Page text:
Question #0616a

1 Answer
Dec 8, 2017

63 months


This is a very practical compound interest problem. It is a bit trickier than a straight accumulation problem because the amount on which the interest is calculated changes with every payment.

There is a direct formula for the calculation, but to understand how it works better and to use it for personal situations I prefer to calculate each step individually. I use a spreadsheet program to make the repetitive calculations easier. Then, given a principle amount, an interest rate and payment schedule, the pay-down can be calculated and the number of years or months for repayment determined.

The interest rate charged on the principle depends on the time period. An annual rate, compounded monthly, means that #1/12# the rate is applied each month to the outstanding principle. Then any payment is deducted, the principle + interest balance is reduced, and the cycle starts over.

The advantage of a spreadsheet program with individual entries instead of a straight time formula is that you can “play games” with the amounts to see how missed or late payments, or early/additional payments affect the payback period and the total interest paid. For this problem we have P = 17000, r = 0.072 , and n = 12.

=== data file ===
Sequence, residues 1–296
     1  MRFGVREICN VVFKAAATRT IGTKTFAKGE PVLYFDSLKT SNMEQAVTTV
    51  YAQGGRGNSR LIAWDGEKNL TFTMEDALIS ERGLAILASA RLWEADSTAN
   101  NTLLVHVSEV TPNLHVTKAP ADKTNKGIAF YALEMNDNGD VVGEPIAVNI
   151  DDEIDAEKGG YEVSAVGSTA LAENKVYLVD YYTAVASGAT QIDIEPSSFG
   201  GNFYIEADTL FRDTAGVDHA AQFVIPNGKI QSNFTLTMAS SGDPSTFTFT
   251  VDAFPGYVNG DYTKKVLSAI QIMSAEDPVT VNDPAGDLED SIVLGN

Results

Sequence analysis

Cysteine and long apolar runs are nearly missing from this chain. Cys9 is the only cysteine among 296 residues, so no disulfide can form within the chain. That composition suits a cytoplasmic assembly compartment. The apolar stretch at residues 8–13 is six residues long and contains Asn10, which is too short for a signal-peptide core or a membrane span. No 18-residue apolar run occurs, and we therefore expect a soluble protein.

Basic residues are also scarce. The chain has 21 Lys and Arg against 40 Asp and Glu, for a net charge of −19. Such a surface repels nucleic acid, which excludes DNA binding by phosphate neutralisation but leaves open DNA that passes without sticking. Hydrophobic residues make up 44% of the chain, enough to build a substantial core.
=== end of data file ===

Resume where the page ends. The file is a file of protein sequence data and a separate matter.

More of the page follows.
An amount is decreased by a fixed amount over a set time interval, and the new amount becomes the basis for the next interval interest calculation. The formula for compound interest is:
#P = P_(-1) xx (1 + n/t) - "Payment”#

Where P is the principal (initial amount), r is the rate of interest (as a decimal, not percentage) and n is the number of times the interest is calculated during the interval (t) intervals (years, months), and t is the number of years. #P = P_(-1) xx (1 + 0.072/12) - "Payment”#
A monthly payment of #$325# will take five years and three months to pay off according to the following table:

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